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The idea to detect infrared photons by current-carrying superconducting ultrathin films, mostly of NbN, has led us to interesting new physics. Absorption of a low-energy photon (infrared or visible) by such a film leads to a nonequilibrium state in which superconductivity is locally destroyed. If the film carries a supercurrent (i.e. a current at zero resistance) with a density of up to 107A/cm2 at a liquid He temperature, then a substantial voltage pulse will detected.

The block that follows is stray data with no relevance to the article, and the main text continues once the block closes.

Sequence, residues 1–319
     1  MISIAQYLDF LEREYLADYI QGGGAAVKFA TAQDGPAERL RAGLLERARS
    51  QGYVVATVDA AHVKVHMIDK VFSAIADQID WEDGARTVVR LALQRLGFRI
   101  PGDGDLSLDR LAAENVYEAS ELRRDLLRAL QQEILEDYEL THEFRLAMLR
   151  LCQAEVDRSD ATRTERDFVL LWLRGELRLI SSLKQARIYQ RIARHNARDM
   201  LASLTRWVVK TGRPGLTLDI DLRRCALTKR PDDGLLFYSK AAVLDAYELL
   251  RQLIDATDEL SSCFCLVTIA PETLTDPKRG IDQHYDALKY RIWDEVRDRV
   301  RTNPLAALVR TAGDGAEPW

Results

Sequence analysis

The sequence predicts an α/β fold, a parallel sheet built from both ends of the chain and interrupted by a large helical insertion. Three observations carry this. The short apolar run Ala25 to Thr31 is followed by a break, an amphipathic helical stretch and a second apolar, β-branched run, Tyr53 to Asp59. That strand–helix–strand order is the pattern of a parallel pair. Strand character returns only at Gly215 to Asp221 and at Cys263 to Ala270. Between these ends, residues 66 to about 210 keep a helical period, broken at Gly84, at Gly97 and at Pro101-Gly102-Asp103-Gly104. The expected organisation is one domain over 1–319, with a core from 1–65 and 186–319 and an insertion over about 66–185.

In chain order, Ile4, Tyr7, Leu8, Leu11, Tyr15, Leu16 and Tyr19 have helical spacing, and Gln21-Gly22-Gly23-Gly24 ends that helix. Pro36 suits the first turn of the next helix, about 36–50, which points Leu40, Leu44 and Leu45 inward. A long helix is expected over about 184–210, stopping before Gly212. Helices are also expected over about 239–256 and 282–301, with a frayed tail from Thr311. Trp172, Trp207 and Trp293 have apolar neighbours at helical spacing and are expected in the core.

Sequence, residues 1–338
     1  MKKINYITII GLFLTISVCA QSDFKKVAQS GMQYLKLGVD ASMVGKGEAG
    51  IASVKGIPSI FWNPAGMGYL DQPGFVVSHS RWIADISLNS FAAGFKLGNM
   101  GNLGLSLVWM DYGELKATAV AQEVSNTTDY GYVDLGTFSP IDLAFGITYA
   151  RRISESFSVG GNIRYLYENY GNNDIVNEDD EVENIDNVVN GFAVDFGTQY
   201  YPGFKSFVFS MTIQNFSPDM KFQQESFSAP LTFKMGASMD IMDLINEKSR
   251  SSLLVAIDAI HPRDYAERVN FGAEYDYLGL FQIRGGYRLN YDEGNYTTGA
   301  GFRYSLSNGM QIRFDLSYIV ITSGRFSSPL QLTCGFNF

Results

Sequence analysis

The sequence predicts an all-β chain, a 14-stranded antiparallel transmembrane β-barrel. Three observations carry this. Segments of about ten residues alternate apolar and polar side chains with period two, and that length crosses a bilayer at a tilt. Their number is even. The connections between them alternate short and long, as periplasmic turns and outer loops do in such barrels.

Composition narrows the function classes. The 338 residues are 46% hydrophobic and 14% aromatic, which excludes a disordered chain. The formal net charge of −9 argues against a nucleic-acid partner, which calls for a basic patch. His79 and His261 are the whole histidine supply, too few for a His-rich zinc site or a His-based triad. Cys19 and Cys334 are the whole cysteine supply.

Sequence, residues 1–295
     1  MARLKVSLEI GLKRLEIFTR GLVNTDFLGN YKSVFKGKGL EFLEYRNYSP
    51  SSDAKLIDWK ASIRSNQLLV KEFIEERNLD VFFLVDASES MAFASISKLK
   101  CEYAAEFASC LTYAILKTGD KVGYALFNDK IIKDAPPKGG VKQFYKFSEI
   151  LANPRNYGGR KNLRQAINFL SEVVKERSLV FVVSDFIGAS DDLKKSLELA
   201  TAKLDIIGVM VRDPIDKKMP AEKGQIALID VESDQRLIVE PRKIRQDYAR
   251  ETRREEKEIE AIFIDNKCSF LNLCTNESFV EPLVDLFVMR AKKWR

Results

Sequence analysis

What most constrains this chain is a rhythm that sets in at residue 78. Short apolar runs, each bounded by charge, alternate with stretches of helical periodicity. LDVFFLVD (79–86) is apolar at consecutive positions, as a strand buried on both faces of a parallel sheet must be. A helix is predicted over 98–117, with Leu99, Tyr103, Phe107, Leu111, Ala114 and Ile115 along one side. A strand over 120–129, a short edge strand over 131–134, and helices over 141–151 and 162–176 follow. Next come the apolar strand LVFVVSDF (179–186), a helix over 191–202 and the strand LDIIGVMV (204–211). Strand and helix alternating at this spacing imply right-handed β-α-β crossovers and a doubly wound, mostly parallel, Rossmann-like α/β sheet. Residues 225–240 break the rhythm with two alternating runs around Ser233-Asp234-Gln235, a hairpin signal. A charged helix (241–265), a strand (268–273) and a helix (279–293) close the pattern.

In my talk I will discuss the essential features of the working mechanisms offered for such devices in different parts of the electromagnetic spectrum. Superconducting nanowire single-photon detectors (SNSPDs) also show great technological importance. The first application of the NbN SNSPD was debugging silicon CMOS IC devices. The second interesting and important application was quantum cryptography which relies on single-photon communication and enables unconditional security. Besides superior detection performance over a broad optical bandwidth, SNSPDs are also compatible with integrated optical platforms. This is a crucial requirement for applications in emerging quantum-photonic technologies. By embedding SNSPDs in nanophotonic circuits we realize waveguide-integrated single-photon detectors which unite all desirable detector properties in a single device. Besides the application in classical optics, nanophotonic integrated circuits (NPICs) hold promise for a more exotic use. Employing only waveguide-based photonic devices, one can implement on-chip equivalents of free-space optical components, thus offering a new route towards scalable linear optical quantum computing. In this case NPICs are operated with single photons in contrast to the relatively high optical intensities used in classical telecommunication. However, for fully integrated quantum circuits, not only passive devices but also active ingredients such as single-photon sources and integrated single-photon detectors are required. A monolithic implementation of all building blocks of a quantum photonic circuit would then enable to overcome the stability and scalability limitations of bulk optic realizations. With recent advances in the technology of on-chip single-photon sources, all required elements for future quantum photonic networks can be monolithically fabricated with prospect for emerging applications in optical quantum computing.
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